President Donald Trump

Watch: Suspicious substance investigated outside Schiff’s office

A Capitol Police officer walks by the Rayburn office of Rep. Adam Schiff, D-Calif., after a suspicious substance was reported on Thursday. (Caroline Brehman/CQ Roll Call)

Pelosi defends ripping Trump’s speech as message to American people about SOTU falsehoods
‘I don’t need any lessons from anybody, especially the president of the United States, about dignity,’ speaker says

Speaker Nancy Pelosi, D-Calif., conducts her weekly news conference in the Capitol Visitor Center on Thursday, February 6, 2020. (Photo By Tom Williams/CQ Roll Call)

Speaker Nancy Pelosi on Thursday defended her decision to rip up President Donald Trump’s State of the Union speech, saying she decided about a quarter or third of the way through the address that something had to be done to indicate to the American people that his words were not the truth.

“I tore up a manifesto of mistruths,” the California Democrat said at her weekly news conference, noting the falsehoods in Trump’s speech on Tuesday evening were “dangerous to the American people if they believe what he said.”

Watch: Romney to vote to convict Trump
The Utah Republican is the first to break ranks

Sen. Mitt Romney talks with reporters in the Senate subway on January 28, 2020. (Tom Williams/CQ Roll Call)

In an emotional floor speech, Utah Republican Sen. Mitt Romney said he would break with his party and vote to convict Trump. The vote makes him the first person in U.S. history to vote to convict a member of his own party in an impeachment trial of a president.

Strong, hateful and inspiring? — Lawmakers react to State of the Union in 3 words
#SOTUin3Words

President Donald Trump arrives in the House chamber to deliver his State of the Union address on Tuesday. (Bill Clark/CQ Roll Call)

How much does impeachment cost?

A staffer carries multiple binders as he walks through the Senate Reception Room before the continuation of the impeachment trial of President Donald Trump. (Caroline Brehman/CQ Roll Call)

Four months — that’s how long Congress has been busy impeaching and trying President Donald Trump, and it all costs money.

The process of investigating and impeaching can rack up a tab but exactly how much and how does such a lengthy process get paid for? Watch as CQ Roll Call examines where Congress finds the dough when a president’s actions are called into question and whether or not you’ll be picking up the tab. 

Impeachment trial endgame: Republicans hope for Friday vote to acquit Trump
Vote on considering witnesses, documents expected to fail, allowing McConnell to prevent further delays

Sen. Susan Collins, R-Maine, arrives for the continuation of the Senate Impeachment Trial of President Donald Trump on Thursday. Collins is expected to vote with Democrats to consider witnesses but that vote may fail, leading to the trial ending Friday. (Caroline Brehman/CQ Roll Call)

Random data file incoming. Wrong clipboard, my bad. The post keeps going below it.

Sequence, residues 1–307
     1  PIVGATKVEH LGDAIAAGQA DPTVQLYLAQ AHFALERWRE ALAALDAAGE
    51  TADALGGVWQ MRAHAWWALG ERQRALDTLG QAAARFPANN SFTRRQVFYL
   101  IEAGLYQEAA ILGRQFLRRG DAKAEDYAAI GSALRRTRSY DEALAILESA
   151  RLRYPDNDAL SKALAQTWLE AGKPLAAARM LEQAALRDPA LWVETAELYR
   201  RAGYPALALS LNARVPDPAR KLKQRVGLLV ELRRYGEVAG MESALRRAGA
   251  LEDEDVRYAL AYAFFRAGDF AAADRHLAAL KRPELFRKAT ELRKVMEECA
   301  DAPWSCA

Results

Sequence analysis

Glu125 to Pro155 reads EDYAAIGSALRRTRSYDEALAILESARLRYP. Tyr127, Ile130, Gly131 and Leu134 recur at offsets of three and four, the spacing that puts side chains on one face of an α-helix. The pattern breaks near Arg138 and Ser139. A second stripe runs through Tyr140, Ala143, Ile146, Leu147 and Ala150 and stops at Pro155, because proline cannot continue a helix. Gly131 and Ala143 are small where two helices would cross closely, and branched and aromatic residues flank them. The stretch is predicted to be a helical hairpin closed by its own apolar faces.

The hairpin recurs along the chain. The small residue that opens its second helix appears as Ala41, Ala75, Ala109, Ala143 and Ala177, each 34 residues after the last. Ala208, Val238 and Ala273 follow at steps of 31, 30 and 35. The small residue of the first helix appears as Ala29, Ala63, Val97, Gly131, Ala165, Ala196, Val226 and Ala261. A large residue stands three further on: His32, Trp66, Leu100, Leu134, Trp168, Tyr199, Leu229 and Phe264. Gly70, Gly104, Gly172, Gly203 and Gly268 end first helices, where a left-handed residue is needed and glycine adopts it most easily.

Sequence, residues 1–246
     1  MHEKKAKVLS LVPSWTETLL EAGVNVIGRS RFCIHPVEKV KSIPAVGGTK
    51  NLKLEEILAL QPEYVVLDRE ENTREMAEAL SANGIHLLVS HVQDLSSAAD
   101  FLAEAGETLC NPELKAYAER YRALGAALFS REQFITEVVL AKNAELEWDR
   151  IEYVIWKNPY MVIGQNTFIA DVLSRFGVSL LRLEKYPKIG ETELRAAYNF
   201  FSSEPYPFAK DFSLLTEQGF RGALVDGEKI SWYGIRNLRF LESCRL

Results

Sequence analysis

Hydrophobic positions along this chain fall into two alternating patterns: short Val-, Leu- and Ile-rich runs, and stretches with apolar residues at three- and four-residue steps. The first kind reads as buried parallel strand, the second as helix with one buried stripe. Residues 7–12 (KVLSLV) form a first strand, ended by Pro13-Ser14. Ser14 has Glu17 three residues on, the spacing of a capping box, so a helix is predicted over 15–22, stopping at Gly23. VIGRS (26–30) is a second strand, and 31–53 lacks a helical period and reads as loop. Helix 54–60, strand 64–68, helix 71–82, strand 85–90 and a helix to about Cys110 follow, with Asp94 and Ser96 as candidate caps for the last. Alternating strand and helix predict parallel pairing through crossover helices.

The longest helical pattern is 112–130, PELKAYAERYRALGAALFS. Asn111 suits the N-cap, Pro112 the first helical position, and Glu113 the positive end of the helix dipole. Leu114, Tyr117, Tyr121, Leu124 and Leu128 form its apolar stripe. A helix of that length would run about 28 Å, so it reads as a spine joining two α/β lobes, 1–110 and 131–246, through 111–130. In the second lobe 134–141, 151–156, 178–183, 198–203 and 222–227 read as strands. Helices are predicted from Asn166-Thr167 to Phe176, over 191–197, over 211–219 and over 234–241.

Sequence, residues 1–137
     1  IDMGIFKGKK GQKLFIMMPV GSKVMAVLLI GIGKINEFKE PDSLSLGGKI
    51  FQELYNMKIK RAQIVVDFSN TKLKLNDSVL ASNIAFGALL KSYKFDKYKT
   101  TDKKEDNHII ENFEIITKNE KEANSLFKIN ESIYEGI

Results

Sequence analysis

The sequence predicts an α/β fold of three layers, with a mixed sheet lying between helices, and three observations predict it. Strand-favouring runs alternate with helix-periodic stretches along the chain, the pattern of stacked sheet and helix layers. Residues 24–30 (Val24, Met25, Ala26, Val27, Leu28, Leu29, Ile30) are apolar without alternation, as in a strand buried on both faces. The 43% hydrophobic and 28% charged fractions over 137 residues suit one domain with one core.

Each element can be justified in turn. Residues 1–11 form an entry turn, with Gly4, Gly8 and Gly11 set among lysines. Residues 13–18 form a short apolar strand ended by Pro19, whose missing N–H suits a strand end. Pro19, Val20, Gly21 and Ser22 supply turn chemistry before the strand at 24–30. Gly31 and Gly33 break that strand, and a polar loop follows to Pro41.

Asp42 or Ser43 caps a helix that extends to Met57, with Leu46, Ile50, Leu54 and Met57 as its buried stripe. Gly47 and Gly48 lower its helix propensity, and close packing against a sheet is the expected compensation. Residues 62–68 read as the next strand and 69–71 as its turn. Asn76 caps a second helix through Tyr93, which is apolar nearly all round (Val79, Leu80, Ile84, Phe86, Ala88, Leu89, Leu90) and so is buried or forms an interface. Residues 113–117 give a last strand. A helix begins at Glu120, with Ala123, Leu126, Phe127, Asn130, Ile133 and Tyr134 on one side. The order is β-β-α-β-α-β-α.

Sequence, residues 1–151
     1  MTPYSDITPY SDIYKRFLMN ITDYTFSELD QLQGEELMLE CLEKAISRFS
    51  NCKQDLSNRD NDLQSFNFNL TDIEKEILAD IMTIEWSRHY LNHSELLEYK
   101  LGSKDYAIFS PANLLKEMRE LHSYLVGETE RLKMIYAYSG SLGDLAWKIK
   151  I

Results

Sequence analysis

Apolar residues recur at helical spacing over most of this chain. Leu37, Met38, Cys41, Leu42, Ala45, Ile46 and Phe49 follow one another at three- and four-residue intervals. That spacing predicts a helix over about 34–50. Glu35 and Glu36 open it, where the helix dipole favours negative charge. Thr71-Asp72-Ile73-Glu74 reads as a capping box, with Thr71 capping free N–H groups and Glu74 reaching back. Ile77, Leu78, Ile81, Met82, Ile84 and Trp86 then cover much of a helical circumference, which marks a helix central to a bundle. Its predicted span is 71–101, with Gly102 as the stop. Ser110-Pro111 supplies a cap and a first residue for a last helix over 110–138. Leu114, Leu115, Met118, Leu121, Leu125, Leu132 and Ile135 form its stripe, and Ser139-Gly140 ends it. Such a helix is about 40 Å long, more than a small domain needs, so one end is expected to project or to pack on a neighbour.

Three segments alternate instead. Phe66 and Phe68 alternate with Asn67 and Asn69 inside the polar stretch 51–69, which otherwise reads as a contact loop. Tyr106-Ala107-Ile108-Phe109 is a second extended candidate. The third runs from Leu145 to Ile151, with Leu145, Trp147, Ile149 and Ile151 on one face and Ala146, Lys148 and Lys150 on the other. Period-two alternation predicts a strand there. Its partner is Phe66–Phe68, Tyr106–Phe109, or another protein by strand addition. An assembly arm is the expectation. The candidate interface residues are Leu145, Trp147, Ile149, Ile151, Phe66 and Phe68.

The Senate impeachment trial could end Friday if Republican confidence translates to them blocking a motion to consider witnesses and they are then able to move to a final vote to acquit President Donald Trump.

A few senators on the fence about witnesses have yet to make their intentions clear, so there is still room for a surprise turn of events. But several Republicans and Democrats seem to think a vote to consider witnesses will fail and Senate Majority Leader Mitch McConnell will move immediately to votes on the two articles of impeachment.

‘We gotta go, the trial started at 1 o’clock!’ — Congressional Hits and Misses
Week of Jan. 20, 2020

Capitol workers wind the Ohio Clock in the Capitol on Tuesday. (Bill Clark/CQ Roll Call)

Managing impeachment: Sensenbrenner’s seen it before
Wisconsin Republican was an impeachment manager in Clinton trial

Rep. Jim Sensenbrenner R-Wis., and Bill McCollum, R-Fla., talk with reporters near Statuary Hall at the end of the first full day of the 1999 impeachment trial of President Bill Clinton. (Douglas Graham/CQ Roll Call file photo)

The opening arguments for President Andrew Johnson’s impeachment trial took 2½ days. Rep. Henry Hyde needed his opening arguments to be shorter in President Bill Clinton’s impeachment trial.

Pens, Parnas and pain of imprisonment: Congressional Hits and Misses
Week of Jan. 13, 2020

Speaker Nancy Pelosi signs the articles of impeachment during an engrossment ceremony before taking them over to the Senate on Wednesday. (Caroline Brehman/CQ Roll Call)

Pelosi signs articles of impeachment

Speaker Nancy Pelosi gets up after signing the articles of impeachment during an engrossment ceremony Wednesday. (Caroline Brehman/CQ Roll Call)